Yeah, the answer is that all of it and none of it is 'accurate'. They never put that much thought into it. Crow was just a prop to be tossed around, busted up, and replaced as long as they got the shot for the host segment. They were hastily assembled most of the time. There are countless episodes where Crow is missing his rubber shoulder hoses and plenty of episodes where he has Lime Gold sprayed on his shoulder blocks(giving them a sort of clear gold cast). Like most props, high quality fan work usually far exceeds anything that was rapid prototyped for the shoot.

I prefer the basket to not quite touch the soap dish. I don't want the paint rubbing between them. There are plenty of show instances where the net touched the dish and plenty where it didn't. I also fasten mine with two wingnuts(Bob Bukoski kit), which stops it from rotating or anything. One warning...It's really tough to get that basket, eye dish, and bowling pin to all line up because they're all random parts never meant to interact and they sort of float, glued onto a PVC coupler. The show models always looked lopsided.

You can get them straight, though. I did so by putting two small brass washers on the bolts between the bowling pin and the basket. This gives the basket a more flat surface to press against, which helps it even out.

The show models were really inconsistent. Just pick what you like or pick one episode and focus on replicating that specific puppet in most aspects.

Yeah, I used 1/2" CPVC, basically the same thing most people use for Crow's eye control rod.

The smaller wrist part of the common Crow hands will fit in it loosely, but you want the cuff to go up further on the wrist of the claw, so measure and sand the back of the claw so it fits in there slightly loose/snug(easy to rotate). Afterwards you need to cut the end of the claw shorter so there's room to run the wrist screw through there.

You will need a rotary tool to do this. Even a cheap $10 rotary from Harbor Freight will work fine.

MST3K Related Props / Pearl's Microbus, the Widowmaker!
« on: January 13, 2016, 01:15:09 PM »
This one is pretty basic and I'm not the first to do this...

I started with a five inch pull-back car I found at a Hastings store. It's partially diecast and partially plastic. I cleaned off the hippie logos and peace signs from the red portions and touched up the paint, adding scratches and wear here and there.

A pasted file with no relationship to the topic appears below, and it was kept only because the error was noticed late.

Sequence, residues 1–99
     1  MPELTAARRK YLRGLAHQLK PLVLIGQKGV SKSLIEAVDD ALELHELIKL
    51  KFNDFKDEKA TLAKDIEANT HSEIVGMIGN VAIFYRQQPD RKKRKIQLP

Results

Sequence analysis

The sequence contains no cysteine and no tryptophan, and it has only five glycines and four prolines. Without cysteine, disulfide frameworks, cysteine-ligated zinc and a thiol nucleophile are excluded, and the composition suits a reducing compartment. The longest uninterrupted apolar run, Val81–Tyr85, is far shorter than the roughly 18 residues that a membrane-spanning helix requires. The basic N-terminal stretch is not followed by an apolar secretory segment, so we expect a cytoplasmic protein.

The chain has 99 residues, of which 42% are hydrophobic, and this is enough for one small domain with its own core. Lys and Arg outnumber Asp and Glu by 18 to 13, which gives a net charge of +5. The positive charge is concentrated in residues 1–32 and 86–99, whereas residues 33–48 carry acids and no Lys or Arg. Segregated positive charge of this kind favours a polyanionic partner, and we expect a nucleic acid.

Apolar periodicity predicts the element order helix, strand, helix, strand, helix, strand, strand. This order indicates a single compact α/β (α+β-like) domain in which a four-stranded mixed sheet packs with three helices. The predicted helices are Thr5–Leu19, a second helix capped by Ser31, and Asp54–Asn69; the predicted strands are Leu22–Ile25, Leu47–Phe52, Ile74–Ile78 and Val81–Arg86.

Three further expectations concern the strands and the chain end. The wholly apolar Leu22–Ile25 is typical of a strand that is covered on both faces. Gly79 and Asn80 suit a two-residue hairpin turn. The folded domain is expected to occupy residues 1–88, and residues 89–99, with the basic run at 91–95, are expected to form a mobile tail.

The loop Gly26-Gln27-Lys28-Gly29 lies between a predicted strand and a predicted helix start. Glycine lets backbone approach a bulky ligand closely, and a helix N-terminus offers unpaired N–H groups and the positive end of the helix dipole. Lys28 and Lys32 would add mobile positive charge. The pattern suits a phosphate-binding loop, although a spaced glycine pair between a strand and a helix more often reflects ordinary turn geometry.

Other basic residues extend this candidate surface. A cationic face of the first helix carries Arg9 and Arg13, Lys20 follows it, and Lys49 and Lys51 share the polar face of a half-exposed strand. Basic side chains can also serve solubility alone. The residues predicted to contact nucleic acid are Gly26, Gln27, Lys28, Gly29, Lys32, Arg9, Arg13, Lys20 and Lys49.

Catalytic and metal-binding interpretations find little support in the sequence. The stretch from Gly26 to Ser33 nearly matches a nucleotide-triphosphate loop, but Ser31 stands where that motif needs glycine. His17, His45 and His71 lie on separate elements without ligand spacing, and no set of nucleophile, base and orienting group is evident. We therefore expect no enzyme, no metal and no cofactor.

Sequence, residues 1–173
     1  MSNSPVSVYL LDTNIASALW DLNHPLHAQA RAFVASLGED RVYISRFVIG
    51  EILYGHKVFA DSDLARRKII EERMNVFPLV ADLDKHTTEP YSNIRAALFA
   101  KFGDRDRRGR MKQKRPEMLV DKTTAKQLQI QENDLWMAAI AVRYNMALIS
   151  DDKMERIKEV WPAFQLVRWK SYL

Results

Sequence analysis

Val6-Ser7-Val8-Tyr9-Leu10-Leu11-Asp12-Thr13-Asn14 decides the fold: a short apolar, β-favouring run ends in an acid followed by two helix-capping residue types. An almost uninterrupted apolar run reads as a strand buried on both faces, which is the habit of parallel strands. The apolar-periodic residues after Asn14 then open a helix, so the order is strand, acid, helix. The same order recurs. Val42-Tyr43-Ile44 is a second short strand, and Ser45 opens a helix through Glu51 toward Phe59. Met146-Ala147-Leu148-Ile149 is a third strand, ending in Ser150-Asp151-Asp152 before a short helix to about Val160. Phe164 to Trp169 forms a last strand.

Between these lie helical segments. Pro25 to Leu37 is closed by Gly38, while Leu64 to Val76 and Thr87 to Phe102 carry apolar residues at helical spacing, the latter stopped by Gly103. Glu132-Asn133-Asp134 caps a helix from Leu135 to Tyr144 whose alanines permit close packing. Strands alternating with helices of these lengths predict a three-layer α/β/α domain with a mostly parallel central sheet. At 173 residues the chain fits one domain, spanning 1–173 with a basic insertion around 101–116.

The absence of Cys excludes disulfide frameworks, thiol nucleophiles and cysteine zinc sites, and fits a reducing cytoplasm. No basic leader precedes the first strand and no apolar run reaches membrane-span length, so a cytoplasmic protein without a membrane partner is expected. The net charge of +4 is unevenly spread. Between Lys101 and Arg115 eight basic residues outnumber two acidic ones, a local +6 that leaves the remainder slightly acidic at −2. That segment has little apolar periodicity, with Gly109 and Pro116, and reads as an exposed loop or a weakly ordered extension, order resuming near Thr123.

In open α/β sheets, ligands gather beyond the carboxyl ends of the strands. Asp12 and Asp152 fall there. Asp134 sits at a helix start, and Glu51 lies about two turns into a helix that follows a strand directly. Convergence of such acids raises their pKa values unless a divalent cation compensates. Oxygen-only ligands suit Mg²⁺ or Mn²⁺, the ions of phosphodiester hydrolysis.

For the overall design, I decided to combine elements from the small model replica and the large-scale bus used in the show.

The radar dish and some of the rockets were from an Ecto-1 model kit. The main body of the rockets were PVC pipe.

The license plate was cut from styrene. I designed it in photoshop and printed it.

I painted it all up and here she is!

I plan to hang the SOL and the Bus above the desk...

MST3K Related Props / My Satellite of Love model!
« on: January 13, 2016, 01:08:36 PM »
Hey guys, I just completed my SOL this morning. It's about 20 inches long.

I started off by assembling four papercraft soccer balls. If any of you are familiar with Pepakura, you'll know what I'm talking about.

I then folded and printed the two large shafts that connect the four spheres(See how I averted that joke?)

Once they were glued together, I brushed the whole thing with polyester fiberglass resin. Afterwards, I did what BBI did. I just took random pieces of model kit parts from various cars and started gluing them to it. I added some wooden dowel rods for the central pipe, a candy machine container for the escape pod hatch, and the radar dish and various other parts come from a Call of Duty block builder set.

The whole thing was then painted over with dark gray Plasti-Dip to lock it all together and give it an even surface. It was then hit with some gray Tamiya primer and speckled with black. The final touch was the little window in front, which has a picture of Mike and the bots, as a reference to the Sci-Fi intro.

Hey guys....I've done quite a lot of studying of these puppets. Being experienced at prop making(although these are my first MST puppets), I think I've managed to figure out a few things that I still see a lot of questions about.

For one, the wrists. The current popular wrist cast I see on the market is not accurate to the show models from what I've seen. The common wrist cast features a wide wrist area with a narrow stud that is tapped and bolted into the 'guitar pick' shaped joint at the front...

The show models actually have two versions. First is the Comedy Central era, which was a long wrist with a double bolt(it is bolted in front and back at the top of the wrist joint).

In addition to this, all versions of the Crow puppet feature rotating wrists. In most episodes, Crow's wrists are rotated to hold items and sometimes they're just rotated by accident. The wrist basically rotates in a small cuff made from a small piece of PVC pipe. This results in the wrist of the puppet being wider than the elbow and shoulder joints. The other two wrist joints are just offset using washers or nuts on each side of the two wrist struts.

The second version I've found is the Sci-Fi channel version. Like the Trace era wrist, it features a large PVC cuff that the hand is inserted into and it also rotates. The main different is that it is only bolted at the front of the guitar-pick, allowing the wrist to move up and down, as well as rotate.